The World Health Organization (WHO) has released an analysis that finds improving wastewater and drinking water treatment can simultaneously improve human health and reduce most microplastics found in drinking water. To improve health and environment, the WHO recommends that policymakers and the public implement measures to better manage and reduce plastics use.
The publication titled, ‘Microplastics in Drinking-Water,’ is the WHO’s first effort to examine the potential human health risks from exposure to microplastics, and it focuses on the impacts of microplastics exposure through drinking water. The report examines the evidence on microplastics in the water cycle, the potential health impacts from exposure, and the removal of microplastics during treatment of wastewater and drinking water. The analysis finds that microplastics larger than 150 micrometres “are not likely to be absorbed in the human body,” and the uptake of smaller particles is likely to be limited. Although data is limited, the report states that absorption and distribution of very small microplastics, including nano-plastics, may be higher. The report concludes that further research is necessary to have a more accurate assessment of microplastic exposure and their impacts on human health.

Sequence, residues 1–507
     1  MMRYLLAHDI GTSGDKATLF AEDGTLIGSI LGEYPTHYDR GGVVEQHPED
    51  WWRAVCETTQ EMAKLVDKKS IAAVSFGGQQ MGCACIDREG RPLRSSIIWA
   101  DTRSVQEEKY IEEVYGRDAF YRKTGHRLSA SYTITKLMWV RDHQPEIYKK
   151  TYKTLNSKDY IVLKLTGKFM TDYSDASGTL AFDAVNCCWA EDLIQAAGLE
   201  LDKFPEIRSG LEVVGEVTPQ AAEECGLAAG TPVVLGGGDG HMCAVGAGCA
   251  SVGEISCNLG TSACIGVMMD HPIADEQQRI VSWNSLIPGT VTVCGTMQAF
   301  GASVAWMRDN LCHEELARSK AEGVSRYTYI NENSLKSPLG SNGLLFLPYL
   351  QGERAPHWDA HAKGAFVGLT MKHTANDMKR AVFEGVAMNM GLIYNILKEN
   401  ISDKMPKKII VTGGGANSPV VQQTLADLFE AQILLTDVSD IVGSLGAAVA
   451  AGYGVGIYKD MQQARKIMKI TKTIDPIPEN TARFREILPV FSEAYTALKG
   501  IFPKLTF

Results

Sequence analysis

WHO Director, Department of Public Health, Environment and Social Determinants of Health, Maria Neira, explained “we urgently need to know more about the health impact of microplastics because they are everywhere – including in our drinking-water.” She stressed the importance of finding out more about microplastics in drinking water and of stopping “the rise in plastic pollution worldwide.”
Per the report, the key sources of microplastic pollution are terrestrial run-off and wastewater effluent. The most common plastic particles found in drinking water are plastic bottle fragments. Wastewater treatment can remove over 90 percent of microplastics, and conventional drinking-water treatment generally removes particles smaller than a micrometre. The highest removal comes from tertiary treatment like filtration. The report concludes that water treatment processes “can effectively remove microplastics.”
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